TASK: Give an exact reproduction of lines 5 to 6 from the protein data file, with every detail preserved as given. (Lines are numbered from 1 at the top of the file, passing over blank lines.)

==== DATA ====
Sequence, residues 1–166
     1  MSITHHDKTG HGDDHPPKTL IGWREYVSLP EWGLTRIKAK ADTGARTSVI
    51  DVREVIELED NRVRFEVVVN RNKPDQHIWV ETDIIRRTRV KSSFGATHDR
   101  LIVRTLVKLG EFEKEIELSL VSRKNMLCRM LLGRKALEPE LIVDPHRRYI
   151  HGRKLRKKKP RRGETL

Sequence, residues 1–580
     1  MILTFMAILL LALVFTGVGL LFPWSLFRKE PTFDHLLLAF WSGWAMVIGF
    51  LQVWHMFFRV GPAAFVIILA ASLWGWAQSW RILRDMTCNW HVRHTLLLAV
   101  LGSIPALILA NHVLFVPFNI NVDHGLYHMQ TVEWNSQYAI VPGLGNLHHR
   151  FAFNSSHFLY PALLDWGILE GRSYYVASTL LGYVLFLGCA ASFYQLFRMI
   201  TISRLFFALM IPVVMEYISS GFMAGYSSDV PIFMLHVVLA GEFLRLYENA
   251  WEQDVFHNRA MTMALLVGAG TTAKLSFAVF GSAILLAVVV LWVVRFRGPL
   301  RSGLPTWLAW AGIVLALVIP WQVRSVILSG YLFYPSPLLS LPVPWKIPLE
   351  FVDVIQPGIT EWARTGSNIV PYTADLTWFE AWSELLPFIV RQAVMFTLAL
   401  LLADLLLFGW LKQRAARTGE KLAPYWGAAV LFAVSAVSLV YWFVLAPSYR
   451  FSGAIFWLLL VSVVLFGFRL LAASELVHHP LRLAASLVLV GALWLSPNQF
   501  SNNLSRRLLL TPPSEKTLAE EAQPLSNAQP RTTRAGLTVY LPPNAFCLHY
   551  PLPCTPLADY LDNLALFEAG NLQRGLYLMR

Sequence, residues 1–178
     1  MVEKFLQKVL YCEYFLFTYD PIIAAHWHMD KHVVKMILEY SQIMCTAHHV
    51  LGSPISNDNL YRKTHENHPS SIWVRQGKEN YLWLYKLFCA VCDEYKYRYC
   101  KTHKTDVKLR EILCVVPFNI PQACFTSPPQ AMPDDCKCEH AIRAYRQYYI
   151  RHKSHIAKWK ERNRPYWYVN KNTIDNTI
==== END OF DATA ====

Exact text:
   151  HGRKLRKKKP RRGETL

Sequence, residues 1–580